If innuendo were frosting, think of the rollicking “Sugar Babies” as the world’s thickest (and sweetest) piece of cake.
The bawdy allusions in this musical revue, now on stage at Roger Rocka’s through Jan. 16, come as no surprise considering the show’s homage to burlesque/vaudeville traditions. Stephen Sondheim might have phrased it a little more delicately in his lyrics for the show “A Little Night Music,” when one of his characters tartly sings of a lusty weekend in the country “watching little things grow,” but when it comes to punch lines about the excitement of the male of the species, “Sugar Babies” makes no, um, bones about it.
Against such a backdrop of sexual coyness, it’s a pleasure to watch such theater veterans as Richard Ruth and Ann Whitehurst strut their stuff and draw out the laughs. Even though the Sunday night audience I watched the show with was a little smaller and more reserved than the ideal — I kept waiting for some aghast patron to rise and throw holy water on the proceedings — Ruth and Whitehurst mined every possible giggle. Along with Chris Carsten, a GCP newcomer with an extensive theater background, and such stalwarts as actor/choreographer Steve Pepper, the show emerges with a sturdy, nostalgic tone overall rather than a crass “Saturday Night Live” shock-raunch feel.
The show, which hit Broadway in 1979 as a star vehicle for Mickey Rooney and Ann Miller, is a mix of dance numbers and vintage comedy routines set at the Gaiety Theater — in homage to old-fashioned burlesque. (No worries, Fresno puritans, there’s no more skin involved than any other Good Company song-and-dance show.) Bopping along from silly sketches to sequined chorus routines, director Fred Bologna gives us a low-key, pleasant mix that is easy on the eyes and ears. Add enough groaner punchlines to trigger a “Laugh In” flashback, and the evening goes down pretty smoothly.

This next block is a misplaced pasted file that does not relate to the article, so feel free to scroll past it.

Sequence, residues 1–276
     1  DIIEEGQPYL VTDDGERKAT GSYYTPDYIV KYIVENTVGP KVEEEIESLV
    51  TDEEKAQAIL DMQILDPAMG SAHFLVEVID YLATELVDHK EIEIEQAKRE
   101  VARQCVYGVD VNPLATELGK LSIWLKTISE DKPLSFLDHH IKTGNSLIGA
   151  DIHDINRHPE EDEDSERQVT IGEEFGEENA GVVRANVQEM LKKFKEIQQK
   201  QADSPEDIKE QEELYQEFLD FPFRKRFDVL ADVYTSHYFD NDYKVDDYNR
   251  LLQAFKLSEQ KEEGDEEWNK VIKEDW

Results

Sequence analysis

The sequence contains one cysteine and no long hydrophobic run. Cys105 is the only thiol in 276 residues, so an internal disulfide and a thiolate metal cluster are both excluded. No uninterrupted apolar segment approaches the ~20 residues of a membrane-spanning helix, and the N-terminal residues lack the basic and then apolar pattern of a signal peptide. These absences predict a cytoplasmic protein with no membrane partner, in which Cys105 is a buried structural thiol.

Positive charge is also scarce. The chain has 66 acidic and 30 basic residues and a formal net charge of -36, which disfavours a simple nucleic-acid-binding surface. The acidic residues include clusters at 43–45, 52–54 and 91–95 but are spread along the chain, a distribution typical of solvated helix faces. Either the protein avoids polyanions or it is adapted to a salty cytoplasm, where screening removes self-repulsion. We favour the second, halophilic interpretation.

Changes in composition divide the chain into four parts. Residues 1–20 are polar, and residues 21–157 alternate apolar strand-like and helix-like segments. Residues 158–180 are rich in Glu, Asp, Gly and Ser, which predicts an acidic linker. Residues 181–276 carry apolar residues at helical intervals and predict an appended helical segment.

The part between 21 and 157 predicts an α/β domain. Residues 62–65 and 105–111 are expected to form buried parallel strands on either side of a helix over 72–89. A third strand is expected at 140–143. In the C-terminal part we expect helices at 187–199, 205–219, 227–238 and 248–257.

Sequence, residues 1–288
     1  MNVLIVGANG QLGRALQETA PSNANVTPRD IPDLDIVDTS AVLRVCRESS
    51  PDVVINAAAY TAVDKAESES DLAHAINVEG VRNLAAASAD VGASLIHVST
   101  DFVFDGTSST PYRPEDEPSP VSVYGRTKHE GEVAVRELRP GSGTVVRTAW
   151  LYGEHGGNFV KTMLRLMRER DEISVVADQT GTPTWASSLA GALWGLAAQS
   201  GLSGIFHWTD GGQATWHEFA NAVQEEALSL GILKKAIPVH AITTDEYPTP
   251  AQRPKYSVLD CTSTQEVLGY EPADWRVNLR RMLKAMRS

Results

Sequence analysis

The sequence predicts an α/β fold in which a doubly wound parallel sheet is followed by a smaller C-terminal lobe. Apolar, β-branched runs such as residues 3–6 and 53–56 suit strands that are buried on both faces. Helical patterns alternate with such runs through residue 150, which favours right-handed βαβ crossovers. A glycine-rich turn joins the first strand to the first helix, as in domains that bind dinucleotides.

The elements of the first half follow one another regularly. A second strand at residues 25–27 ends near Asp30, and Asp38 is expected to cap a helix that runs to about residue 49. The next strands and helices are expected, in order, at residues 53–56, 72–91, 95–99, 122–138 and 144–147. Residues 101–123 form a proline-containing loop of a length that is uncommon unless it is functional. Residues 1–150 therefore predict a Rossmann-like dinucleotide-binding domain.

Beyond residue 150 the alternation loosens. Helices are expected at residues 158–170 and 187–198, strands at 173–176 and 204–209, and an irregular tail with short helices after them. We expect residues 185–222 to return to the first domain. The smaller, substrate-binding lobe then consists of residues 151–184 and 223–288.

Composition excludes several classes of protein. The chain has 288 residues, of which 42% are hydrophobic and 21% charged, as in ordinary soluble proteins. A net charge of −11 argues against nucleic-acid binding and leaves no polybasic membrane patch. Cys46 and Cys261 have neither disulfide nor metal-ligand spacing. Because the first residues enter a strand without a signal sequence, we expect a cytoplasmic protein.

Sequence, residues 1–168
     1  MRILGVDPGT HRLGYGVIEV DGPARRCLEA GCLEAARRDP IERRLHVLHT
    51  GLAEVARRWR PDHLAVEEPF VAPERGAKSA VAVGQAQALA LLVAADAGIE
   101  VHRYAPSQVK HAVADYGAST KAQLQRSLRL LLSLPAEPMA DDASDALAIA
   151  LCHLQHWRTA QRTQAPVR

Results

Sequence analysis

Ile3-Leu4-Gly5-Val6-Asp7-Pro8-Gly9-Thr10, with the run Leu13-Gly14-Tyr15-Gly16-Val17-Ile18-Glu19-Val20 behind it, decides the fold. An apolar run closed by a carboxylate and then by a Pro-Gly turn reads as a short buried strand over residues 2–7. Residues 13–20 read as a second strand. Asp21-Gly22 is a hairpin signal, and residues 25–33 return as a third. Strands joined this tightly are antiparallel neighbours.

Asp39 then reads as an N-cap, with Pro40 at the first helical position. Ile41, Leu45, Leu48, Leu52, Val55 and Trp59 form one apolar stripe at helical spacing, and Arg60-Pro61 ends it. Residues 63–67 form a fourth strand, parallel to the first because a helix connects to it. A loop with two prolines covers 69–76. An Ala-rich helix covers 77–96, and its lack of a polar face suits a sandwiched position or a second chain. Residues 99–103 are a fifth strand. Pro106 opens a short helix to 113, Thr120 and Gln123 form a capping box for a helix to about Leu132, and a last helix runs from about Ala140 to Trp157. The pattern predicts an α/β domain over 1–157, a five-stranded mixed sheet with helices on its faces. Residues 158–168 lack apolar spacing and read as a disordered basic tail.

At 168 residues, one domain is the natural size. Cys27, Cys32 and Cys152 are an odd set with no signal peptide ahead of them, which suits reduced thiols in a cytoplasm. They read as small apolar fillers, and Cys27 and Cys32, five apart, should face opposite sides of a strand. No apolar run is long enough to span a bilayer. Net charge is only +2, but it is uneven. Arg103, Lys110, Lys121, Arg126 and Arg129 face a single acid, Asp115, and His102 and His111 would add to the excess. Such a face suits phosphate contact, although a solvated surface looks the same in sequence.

There were a couple of wobbles at the performance I attended. Some of the comedy moments needed to be a little brisker. Ruth was so determined to get a reaction from the mostly quiet audience that he stretched out his otherwise excellent first-act-finale drag routine — what a voice! — a little too long over the dead spots. And his “McHugh Medley” couples routine with Whitehurst could have used stronger direction. (I had a hard time figuring out the comic relationship between the two of them.)
But the highlights were far more prominent. Among them:
- The “Feathered Fantasy” fan-dance salute to Sally Rand, in which the Sugar Babies dancers employ strategically placed feathers. It could have been a silly, too-coy exercise, but Pepper’s choreography is graceful and almost tender. (I wasn’t crazy about Andrea Henrickson’s lighting design for the number — even dimly lighted scenes need a sense of drama.)
- Kelly Brianne Hall’s “Don’t Blame Me” torch song number. Even when her vocals (or the sound design) faltered a little, she sold the routine with fierce determination and sheer sex appeal.
- Kristin Henson’s comic timing, especially in a hilarious “Monkey Business” routine in which she expertly calibrates each and every word to maximum comic effect.
- Carsten’s amusing turn as a randy judge interrogating an audacious widow (Whitehurst, who is great at playing deadpan).
- Ensemble member Julian Perez’s graceful dancing.
- The recorded musical accompaniment, credited to conductor Roy Carlson, which sounded fuller and more like a Broadway orchestra than most GCP productions.
- Ginger Kay Lewis-Reed’s sparkly costumes, including a glittery silver-gown get-up for Whitehurst that rivals her “Chrysler Building” dress from “The Producers.”
Overall, it’s a silly, light-hearted show that hearkens back to an earlier time. It’s perhaps not the perfect fit for the most prudish among us — for that I’m thinking “A Good Company Christmas” across the street at the 2nd Space might be a better option — but the nostalgic “Sugar Babies” is a good reminder that both nice AND naughty have been around a lot longer than we might think.